This woman, my mother, needs no urging from Dylan Thomas: she goes not gentle into that good night. I flew to Arizona assuming I would plan a funeral. Instead I have had truly intimate hours with a woman to whom intimacy does not come easily.

But no matter how feisty, how determined, how strong – or strong-willed – the person, pancreatic cancer always wins. Additionally, her cancer came as no surprise: my mother is a Wasserman, and it’s always cancer that kills Wasserman women.

The surprise came, rather, in what preparations remained unaddressed, issues that almost assuredly would have created unnecessary distress if she had slipped away last weekend as roundly anticipated by doctors and family alike.

The following is not intended to be a complete list of vitally-important documents, but it includes some biggies which can be easy to overlook.

1)      A professionally prepared, recently updated will. My parents have had a will for decades, but it was last updated 10 years ago and was woefully out of date.

2)      Trust documents.

3)      A professionally-prepared power of attorney.

4)      An advanced medical directive, prepared by an attorney.

5)      A letter of competency, prepared by a medical doctor who has known the patient dating back to the time the patient was mentally competent. I highlight this because this letter of competency can be almost impossible to obtain once the patient has lost mental competency – whether it’s due to the onset of dementia, a coma, or any other condition that might render the patient unable to make his/her own legal, medical, or financial decisions. I have included two samples, below.

6)      Home mortgage information.

7)      A list of bank and brokerage accounts, life insurance policies, annuities or other managed accounts, along with user-names, passwords, and account numbers.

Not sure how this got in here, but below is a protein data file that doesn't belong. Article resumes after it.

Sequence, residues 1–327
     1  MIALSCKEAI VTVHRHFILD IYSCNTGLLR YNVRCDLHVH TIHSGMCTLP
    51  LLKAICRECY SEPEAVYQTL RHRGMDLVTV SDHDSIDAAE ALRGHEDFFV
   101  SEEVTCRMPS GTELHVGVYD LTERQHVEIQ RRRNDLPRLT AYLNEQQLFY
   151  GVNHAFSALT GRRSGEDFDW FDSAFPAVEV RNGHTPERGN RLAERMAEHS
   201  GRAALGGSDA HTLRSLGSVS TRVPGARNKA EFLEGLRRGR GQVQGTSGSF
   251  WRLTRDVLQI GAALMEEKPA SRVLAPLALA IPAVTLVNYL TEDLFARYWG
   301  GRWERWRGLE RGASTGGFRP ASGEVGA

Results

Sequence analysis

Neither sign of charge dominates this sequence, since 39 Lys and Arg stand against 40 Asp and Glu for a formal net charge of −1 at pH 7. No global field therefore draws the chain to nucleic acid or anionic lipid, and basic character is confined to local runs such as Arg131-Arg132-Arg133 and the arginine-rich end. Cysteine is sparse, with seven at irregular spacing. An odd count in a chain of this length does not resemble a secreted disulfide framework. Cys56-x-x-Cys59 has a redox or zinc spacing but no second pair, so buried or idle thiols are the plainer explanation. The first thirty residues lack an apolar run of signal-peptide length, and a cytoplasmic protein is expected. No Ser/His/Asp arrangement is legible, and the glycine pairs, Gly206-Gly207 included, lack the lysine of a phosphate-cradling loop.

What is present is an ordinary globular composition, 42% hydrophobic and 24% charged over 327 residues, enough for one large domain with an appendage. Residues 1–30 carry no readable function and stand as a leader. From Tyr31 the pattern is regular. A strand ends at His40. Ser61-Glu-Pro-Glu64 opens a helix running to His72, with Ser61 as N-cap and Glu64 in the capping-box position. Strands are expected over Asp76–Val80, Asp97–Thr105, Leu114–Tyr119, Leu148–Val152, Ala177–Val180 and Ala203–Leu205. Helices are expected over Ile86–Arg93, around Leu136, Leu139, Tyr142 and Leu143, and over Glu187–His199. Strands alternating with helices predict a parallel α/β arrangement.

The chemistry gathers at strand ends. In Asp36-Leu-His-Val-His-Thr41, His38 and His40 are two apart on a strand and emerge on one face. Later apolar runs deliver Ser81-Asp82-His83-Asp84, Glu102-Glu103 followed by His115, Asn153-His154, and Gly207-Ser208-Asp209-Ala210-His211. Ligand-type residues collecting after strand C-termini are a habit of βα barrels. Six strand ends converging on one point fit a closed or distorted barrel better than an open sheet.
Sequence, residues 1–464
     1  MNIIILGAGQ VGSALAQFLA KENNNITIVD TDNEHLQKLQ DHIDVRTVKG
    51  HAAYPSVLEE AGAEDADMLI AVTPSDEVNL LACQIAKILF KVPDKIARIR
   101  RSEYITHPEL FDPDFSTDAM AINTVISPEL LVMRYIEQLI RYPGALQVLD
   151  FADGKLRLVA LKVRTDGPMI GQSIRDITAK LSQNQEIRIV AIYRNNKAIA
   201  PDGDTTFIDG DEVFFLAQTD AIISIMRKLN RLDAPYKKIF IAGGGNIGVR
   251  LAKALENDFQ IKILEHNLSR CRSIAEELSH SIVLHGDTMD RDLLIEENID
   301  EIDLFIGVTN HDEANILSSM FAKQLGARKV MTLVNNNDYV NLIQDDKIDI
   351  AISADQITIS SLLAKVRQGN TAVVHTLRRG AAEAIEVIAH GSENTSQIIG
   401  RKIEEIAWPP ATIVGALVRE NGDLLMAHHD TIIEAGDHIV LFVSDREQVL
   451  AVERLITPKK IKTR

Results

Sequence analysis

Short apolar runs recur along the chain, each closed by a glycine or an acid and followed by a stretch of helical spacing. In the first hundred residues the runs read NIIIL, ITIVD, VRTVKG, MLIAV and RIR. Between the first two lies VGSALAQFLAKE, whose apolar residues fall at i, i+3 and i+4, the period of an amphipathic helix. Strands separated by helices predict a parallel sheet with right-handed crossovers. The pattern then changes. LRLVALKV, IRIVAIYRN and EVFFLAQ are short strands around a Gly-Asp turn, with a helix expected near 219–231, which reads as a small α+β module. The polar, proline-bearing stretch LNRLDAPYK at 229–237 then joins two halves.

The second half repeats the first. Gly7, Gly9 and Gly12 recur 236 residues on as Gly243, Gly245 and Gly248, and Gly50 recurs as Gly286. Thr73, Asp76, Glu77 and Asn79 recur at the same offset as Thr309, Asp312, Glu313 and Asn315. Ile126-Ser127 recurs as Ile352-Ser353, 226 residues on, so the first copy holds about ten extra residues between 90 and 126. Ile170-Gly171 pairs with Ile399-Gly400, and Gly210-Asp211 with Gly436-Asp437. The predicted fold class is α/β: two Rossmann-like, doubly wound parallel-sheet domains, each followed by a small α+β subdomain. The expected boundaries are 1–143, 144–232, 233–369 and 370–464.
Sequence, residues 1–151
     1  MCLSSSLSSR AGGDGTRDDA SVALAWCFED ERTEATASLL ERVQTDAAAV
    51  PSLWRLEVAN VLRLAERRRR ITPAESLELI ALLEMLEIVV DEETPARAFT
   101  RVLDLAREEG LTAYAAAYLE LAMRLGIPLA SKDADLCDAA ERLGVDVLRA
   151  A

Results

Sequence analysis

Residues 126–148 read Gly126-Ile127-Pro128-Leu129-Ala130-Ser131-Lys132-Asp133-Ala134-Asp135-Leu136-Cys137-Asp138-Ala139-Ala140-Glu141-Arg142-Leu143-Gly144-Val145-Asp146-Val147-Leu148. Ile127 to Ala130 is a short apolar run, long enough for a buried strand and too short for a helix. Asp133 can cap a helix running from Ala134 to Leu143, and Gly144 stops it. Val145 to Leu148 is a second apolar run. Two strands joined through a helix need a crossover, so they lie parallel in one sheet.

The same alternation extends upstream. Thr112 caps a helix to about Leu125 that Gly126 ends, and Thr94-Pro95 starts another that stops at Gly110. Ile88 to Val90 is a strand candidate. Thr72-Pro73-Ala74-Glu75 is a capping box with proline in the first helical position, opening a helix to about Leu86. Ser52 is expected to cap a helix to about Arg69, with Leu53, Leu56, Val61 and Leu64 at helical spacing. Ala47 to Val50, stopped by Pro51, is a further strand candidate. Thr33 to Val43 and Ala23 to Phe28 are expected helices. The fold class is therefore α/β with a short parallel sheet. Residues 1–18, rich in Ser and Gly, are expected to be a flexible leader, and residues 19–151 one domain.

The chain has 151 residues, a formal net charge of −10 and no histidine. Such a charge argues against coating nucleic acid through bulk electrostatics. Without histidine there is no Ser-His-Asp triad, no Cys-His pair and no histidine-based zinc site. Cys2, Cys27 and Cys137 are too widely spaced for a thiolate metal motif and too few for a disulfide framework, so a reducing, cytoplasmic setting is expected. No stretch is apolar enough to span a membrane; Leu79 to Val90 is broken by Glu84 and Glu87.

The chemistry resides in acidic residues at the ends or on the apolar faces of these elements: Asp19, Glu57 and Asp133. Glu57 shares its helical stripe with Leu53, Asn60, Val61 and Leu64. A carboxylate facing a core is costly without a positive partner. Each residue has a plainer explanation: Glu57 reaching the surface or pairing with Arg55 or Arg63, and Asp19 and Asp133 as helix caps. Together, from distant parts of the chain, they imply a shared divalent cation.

8)      The whereabouts of the key to the safe deposit box.

9)      The whereabouts of any handguns. When my father died I thought ours was the only family who struggled to locate the handgun. I have since heard from many others who have had similar issues.

10)   Funeral and burial instructions, and documents for any pre-paid arrangements.

There is not much one can do to make the loss of a parent easier. But, there are many ways to make it harder – and a frantic search for crucial items can be a monumental source of distress.

Against all odds, against all professional assumptions, my mother came home today. But we all know the day is hard upon our heels when she will not come home at all.

But now at least we can devote these last days to her, rather than to a mad scramble to assemble critical documents.

If you have stories or experiences you would like to share, give me a call. I always love hearing from you.

Laurie

Laurie MacNaughton [NMLS# 506562] · Reverse Mortgage Consultant, President’s Club · Middleburg Mortgage, a Division of Middleburg Bank · 20937 Ashburn Road, Suite 115 ·Ashburn, Virginia 20147 · 703-477-1183 Direct · LMacNaughton@MiddleburgBank.com

Below are sample letters of competency. I typically encourage family members to print these off for the attending physician so s/he is sure to include necessary elements:

Physician’s Letterhead Here

Date

To Whom It May Concern:

Jane Doe (DOB 06/06/30) has been a patient under the care of this medical practice since 19**. She has been seen on a regular basis throughout this time. Medical records indicate that at no time during her care has she lacked capacity to make independent legal, medical, and financial decisions.

Ms. Doe was diagnosed in (month, year) with _________. However, it is the professional opinion of this medical practice that this has in no way impaired her ability to make her own legal, medical, and financial decisions.

Feel free to contact me at (000) 123-4567 if you require further information.

Sincerely,

­­­­­­­­­­­­____________________________________

John Brown, MD

Or:

Date

To Whom It May Concern:

Jane Doe (DOB 06/06/30) has been a patient under the care of this medical practice since 19**. She has been seen on a regular basis throughout this time. Medical records indicate that until (month, year) she had mental capacity to make independent legal, medical, and financial decisions on her own.

Ms. Doe was diagnosed in (month, year) with dementia. It is the professional opinion of this medical practice that she no longer has the ability to make independent legal, medical, and financial decisions.